A trip to the United States about 10 years ago was the catalyst for change for the Lanyon family at Boort.By Sophie Bruns
A trip to the United States about 10 years ago was the catalyst for change for the Lanyon family at Boort.
Grain farmers Steve and his dad Trevor liked what they saw and decided to implement the principles of no-till on their 4046
The increased yields and improved management systems have been hard work for the family, but well worth it in the end.
‘‘Implementing no-till has taken a lot of the worry out of farming for us and while we do make plenty of mistakes, we continue to learn from them and refine the way we do things,’’ Steve Lanyon said.
The improved structure of the soil has increased the microbiological activity of beneficial insects and improved water retention.
‘‘The biggest difference I have noticed has been in crop nutrition and while we are using the same amount of fertiliser on larger growing areas, we are experiencing increased grain yields,’’ Mr Lanyon said.
The Lanyons have not been afraid to implement new technologies into their management system, which has also contributed to their success.
Mr Lanyon recently started using the 20-20 seed sense monitor from Precision Planting which accurately measures, monitors and controls the crop-planting process.
The program enables him to check seed singulation, spacing and down force row by row — enabling him to correct any errors which have the potential to affect his germination.
‘‘The information connects to the iPad and shows me all my sowing data,’’ he said.
‘‘In one paddock the seed was sown too shallow from not enough down force, and by fitting delta force to my planter, I was able to calculate that mistake.
‘‘It cost me around $15
This season Mr Lanyon expects his winter crops of barley, faba beans and canola to all do very well.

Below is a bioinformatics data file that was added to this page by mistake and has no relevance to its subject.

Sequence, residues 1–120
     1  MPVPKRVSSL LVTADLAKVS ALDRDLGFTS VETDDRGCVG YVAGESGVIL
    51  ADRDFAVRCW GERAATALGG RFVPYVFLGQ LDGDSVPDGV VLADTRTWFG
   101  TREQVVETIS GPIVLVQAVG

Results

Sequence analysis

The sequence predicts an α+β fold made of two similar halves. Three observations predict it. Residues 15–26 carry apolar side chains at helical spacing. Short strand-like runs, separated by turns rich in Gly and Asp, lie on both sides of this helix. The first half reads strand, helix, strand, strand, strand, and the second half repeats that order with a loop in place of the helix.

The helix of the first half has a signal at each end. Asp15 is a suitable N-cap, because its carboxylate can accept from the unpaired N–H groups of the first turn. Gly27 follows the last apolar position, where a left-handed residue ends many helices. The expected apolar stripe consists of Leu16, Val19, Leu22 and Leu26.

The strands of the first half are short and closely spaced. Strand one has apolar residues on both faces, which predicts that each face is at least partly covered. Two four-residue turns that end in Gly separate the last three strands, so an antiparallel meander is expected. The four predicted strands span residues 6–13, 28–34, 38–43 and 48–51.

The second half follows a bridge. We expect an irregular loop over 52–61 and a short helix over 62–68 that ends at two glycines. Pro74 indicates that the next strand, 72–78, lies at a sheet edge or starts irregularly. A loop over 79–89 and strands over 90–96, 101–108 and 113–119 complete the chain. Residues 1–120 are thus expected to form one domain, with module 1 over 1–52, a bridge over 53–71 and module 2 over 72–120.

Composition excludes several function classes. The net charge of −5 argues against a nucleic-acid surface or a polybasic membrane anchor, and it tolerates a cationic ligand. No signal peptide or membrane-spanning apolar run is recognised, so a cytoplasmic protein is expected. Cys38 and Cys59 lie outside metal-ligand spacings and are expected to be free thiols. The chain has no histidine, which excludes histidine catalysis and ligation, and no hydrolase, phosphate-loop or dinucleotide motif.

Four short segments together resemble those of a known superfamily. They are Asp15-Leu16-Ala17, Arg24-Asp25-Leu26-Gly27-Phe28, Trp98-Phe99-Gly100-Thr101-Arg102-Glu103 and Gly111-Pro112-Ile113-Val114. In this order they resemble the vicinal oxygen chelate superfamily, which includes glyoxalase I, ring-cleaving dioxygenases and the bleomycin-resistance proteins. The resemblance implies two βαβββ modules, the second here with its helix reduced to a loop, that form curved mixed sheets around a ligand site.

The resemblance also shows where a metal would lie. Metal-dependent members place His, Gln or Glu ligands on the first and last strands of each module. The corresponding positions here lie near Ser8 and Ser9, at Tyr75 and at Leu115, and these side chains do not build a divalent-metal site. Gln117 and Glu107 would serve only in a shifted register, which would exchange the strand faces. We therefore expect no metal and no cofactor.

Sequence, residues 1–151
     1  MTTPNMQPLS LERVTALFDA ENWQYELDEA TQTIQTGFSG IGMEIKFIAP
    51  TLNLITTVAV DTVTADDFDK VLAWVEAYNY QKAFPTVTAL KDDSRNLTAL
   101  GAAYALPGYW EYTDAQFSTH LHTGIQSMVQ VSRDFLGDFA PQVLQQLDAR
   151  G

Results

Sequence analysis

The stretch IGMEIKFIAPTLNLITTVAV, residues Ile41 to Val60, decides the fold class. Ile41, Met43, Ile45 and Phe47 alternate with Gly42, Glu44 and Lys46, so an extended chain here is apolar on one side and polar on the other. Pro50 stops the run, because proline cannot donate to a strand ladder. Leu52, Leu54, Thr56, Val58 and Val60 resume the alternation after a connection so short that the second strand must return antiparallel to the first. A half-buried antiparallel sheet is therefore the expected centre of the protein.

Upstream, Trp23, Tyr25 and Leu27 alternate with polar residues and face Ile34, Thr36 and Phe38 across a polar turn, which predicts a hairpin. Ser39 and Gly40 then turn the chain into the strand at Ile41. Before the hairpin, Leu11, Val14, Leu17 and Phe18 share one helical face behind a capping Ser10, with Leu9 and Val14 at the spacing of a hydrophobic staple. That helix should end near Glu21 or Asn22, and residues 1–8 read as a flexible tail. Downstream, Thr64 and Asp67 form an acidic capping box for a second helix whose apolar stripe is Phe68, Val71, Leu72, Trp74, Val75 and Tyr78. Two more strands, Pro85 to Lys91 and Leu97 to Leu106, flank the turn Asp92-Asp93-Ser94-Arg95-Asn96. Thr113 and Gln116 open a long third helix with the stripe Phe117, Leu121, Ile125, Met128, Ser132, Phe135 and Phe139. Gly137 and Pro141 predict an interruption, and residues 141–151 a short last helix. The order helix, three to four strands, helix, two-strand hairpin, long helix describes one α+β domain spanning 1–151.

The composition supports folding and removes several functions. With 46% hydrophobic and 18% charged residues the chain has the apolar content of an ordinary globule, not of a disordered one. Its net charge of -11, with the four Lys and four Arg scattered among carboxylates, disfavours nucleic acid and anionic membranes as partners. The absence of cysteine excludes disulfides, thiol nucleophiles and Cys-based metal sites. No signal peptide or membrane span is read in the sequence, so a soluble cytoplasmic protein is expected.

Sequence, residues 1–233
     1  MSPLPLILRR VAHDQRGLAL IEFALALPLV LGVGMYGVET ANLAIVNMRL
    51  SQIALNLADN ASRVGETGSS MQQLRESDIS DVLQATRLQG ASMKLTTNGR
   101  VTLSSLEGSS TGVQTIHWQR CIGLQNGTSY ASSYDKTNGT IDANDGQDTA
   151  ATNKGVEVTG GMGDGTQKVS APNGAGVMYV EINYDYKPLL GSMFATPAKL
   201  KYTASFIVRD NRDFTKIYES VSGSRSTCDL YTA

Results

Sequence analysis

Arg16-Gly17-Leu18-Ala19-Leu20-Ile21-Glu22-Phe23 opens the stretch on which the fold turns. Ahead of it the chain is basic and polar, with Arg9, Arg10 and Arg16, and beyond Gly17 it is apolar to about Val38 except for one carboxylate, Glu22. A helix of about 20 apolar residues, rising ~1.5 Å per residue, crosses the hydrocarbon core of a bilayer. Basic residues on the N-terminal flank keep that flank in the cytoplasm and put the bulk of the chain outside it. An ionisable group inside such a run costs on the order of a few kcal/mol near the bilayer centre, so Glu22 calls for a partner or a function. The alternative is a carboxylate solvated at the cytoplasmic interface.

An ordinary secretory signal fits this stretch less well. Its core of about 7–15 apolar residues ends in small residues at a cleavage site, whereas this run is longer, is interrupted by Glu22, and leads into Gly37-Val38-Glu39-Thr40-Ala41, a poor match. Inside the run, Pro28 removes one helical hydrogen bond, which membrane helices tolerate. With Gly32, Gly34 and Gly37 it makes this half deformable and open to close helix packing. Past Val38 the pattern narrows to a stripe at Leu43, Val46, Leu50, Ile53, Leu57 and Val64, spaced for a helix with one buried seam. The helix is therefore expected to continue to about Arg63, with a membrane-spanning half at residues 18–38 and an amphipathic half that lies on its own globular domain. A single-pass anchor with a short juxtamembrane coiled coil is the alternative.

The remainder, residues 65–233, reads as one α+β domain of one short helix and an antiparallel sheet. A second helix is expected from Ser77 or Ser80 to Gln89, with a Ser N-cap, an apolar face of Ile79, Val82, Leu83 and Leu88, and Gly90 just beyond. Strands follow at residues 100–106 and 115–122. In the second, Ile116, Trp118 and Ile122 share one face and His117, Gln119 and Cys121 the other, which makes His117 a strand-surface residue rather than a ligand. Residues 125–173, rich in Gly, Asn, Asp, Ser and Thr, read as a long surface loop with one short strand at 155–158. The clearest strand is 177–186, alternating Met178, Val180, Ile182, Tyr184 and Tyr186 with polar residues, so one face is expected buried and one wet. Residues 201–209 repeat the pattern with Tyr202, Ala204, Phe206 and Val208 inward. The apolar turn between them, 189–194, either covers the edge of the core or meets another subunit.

‘‘There is moisture in the ground and if it stopped raining today there would still be plenty of moisture left in the soil and we would still have a pretty good year.
‘‘That can be attributed back to our management and no-till.’’
These crops were all sown dry in April and May, but Mr Lanyon prefers to sow in dry conditions because he has better control over seed depth for better germination.
The family expects to sow a summer crop of corn this year, but that decision is made yearly dependent on the price of water and grain.
The corn is grown under border check flood irrigation and the family has about 404
‘‘We have moisture probes set up across the farm where we grow corn,’’ Mr Lanyon said.
‘‘I have found success here is more about timing and getting a paddock to water quickly.’’
Mr Lanyon is reluctant to talk about yields, but he budgets on about 12
‘‘It would be interesting to see what would happen here on our farm and what we could achieve under drought conditions again.
‘‘We have expanded our operation and we have the systems in place to really help us reach our grain growing potential and I know no-till and controlled traffic is number one, closely followed by accurate and precise seed planting.’’
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